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Viewing the Carquinez bird and boat parade.

Barges, tugboats, and container ships parade daily along the Carquinez Strait, at the northeast end of San Pablo Bay. And now there's balcony viewing of the passing show-from Carquinez Shoreline Regional Park, opened last summer.

On a cool fall day, it's a fine spot for biking, cycling, or picnicking. To make a 9-mile (one way) hike or bike trip out of it, continue east to Martinez's shoreline park for marsh bird-watching.

The 969-acre Carquinez park is 22 miles northeast of Oakland. Take Interstate 80 north, then State 4 east 5 miles; exit on McEwen Road and go 2 1/2 miles north to its end. Turn left at Carquinez Scenic Drive and go I mile to the parking lot and trailhead, at Bull Valley Staging Area.

The 2-mile Overlook Loop Trail is a wide, fairly level path snaking along the top of a grassy ridge. Bear right then left to stay on the main trail. The trail is exposed to wind, but views are clear and open. Westward is the 1927 Carquinez Bridge and its 1958 near-twin; eastward is the 1961 Benicia Bridge.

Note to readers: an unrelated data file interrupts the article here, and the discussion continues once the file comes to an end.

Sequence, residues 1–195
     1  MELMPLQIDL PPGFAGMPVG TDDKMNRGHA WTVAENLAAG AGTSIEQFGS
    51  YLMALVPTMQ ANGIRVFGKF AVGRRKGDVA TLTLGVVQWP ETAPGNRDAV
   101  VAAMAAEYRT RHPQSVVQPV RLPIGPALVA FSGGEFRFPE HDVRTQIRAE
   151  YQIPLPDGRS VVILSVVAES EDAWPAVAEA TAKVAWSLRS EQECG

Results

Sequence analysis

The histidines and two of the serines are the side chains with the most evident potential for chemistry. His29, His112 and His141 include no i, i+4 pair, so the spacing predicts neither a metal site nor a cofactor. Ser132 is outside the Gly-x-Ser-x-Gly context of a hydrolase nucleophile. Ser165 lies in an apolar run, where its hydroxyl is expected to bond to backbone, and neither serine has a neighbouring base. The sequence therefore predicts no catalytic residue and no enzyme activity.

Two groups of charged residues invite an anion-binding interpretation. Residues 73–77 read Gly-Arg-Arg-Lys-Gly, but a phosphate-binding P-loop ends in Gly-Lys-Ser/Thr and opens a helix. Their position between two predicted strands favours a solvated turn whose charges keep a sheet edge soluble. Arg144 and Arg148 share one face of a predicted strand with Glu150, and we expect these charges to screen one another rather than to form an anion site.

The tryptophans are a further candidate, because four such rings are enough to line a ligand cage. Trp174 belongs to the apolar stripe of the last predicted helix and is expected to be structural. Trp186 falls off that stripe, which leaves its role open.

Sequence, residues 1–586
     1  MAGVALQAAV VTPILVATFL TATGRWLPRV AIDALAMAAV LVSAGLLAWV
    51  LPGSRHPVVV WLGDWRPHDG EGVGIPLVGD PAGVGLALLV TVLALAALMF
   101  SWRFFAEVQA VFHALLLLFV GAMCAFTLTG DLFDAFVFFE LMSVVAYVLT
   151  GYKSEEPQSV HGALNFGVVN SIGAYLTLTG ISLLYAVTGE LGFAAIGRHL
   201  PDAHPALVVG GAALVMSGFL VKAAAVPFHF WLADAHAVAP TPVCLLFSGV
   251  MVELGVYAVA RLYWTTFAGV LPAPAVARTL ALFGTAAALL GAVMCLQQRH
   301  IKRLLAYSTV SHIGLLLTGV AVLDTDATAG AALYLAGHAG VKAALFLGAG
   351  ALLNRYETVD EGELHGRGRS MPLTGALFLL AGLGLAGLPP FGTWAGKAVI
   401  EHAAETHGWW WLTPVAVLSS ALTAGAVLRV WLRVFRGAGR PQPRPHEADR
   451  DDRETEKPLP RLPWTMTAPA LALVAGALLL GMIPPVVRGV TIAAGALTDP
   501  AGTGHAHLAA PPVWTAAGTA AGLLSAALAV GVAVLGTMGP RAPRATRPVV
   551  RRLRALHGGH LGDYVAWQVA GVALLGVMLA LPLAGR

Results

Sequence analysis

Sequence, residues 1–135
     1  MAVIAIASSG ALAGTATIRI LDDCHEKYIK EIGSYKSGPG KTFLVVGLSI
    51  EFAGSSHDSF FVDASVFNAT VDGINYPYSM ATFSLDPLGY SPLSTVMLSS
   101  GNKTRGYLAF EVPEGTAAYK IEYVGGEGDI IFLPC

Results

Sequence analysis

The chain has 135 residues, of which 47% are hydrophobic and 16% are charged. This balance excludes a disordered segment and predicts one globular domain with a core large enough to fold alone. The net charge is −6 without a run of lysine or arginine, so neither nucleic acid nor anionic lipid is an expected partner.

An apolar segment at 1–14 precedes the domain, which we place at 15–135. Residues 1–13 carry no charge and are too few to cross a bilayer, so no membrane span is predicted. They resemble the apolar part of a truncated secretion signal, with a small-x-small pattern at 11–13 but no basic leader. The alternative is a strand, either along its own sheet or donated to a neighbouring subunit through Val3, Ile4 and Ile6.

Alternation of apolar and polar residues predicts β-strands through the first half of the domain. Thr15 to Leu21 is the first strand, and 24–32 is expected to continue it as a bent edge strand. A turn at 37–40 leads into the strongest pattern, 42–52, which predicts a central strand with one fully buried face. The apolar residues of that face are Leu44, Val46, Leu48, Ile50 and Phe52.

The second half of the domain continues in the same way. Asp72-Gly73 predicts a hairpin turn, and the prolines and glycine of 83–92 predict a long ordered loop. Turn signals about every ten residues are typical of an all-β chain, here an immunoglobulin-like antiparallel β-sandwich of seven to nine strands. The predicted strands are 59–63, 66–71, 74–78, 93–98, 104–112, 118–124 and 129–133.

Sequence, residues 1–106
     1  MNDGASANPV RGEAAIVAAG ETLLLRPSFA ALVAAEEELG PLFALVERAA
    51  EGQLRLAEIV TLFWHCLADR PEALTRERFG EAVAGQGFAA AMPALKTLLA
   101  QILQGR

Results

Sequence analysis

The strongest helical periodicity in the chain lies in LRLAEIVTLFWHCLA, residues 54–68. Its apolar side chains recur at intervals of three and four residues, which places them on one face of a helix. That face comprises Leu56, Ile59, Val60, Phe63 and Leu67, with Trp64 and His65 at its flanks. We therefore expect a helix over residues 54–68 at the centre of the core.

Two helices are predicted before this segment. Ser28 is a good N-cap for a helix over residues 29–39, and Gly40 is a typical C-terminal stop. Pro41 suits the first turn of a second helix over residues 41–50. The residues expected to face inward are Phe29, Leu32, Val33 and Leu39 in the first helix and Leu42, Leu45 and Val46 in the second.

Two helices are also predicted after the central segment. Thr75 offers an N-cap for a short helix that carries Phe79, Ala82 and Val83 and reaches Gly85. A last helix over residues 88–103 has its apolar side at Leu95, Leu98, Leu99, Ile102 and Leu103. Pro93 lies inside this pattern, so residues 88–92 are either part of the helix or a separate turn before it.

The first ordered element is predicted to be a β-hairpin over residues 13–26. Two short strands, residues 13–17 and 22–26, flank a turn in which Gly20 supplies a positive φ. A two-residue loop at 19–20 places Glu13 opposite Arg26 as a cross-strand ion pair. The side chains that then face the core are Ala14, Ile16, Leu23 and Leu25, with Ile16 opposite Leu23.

A picnic table at about 1 mile marks the loop's midpoint; just beyond, a spur trail leads down 1/4 mile into Port Costa and puts you on Prospect Avenue, which leads to Canyon Lake Road (the main street). Here, boardwalks and balconied buildings hint at Port Costa's prosperous past: in the 1880s, it was the state's busiest grain-shipping port. The brick 1881 McNear's Warehouse still stands on Canyon Lake Road, though few businesses remain.

Backtrack for a roughly 3-mile round trip (it's steep heading back). For more views of the strait, continue 6 1/4 miles to Martinez Regional Shoreline Park. Head back up Canyon Lake to Carquinez Scenic Drive and turn left. After about a mile, you'll reach a 4 1/2-mile section of Scenic that's closed to autos because of storm damage but open to hikers and cyclists (watch for broken glass). Stay on Scenic to Marina Vista; turn left, then left again on Ferry Street to the park.

Within its 343 acres, Martinez shoreline park has picnic areas, a duck pond, an exercise course, and a bird-lively marsh. You can take a 1-mile loop trail (bikes permitted) into the marsh to look for avocets, killdeer, and white pelicans.
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Title Annotation:Carquinez Shoreline Regional Park, California
Publication:Sunset
Date:Nov 1, 1990
Words:385
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